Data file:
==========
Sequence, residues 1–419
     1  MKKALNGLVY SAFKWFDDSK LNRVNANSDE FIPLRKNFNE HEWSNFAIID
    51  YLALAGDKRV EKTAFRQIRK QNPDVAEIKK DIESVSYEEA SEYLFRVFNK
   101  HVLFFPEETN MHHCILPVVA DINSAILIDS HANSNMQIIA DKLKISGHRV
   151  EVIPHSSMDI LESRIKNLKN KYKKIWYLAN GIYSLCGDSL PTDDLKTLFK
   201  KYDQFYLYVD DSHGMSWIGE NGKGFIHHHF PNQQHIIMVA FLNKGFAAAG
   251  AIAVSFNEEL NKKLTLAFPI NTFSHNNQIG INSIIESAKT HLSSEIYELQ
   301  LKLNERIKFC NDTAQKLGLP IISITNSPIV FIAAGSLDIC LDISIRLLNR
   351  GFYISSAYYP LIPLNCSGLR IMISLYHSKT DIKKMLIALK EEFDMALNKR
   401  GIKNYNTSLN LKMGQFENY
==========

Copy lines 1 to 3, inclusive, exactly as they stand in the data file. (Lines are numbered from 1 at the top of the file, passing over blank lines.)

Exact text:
Sequence, residues 1–419
     1  MKKALNGLVY SAFKWFDDSK LNRVNANSDE FIPLRKNFNE HEWSNFAIID
    51  YLALAGDKRV EKTAFRQIRK QNPDVAEIKK DIESVSYEEA SEYLFRVFNK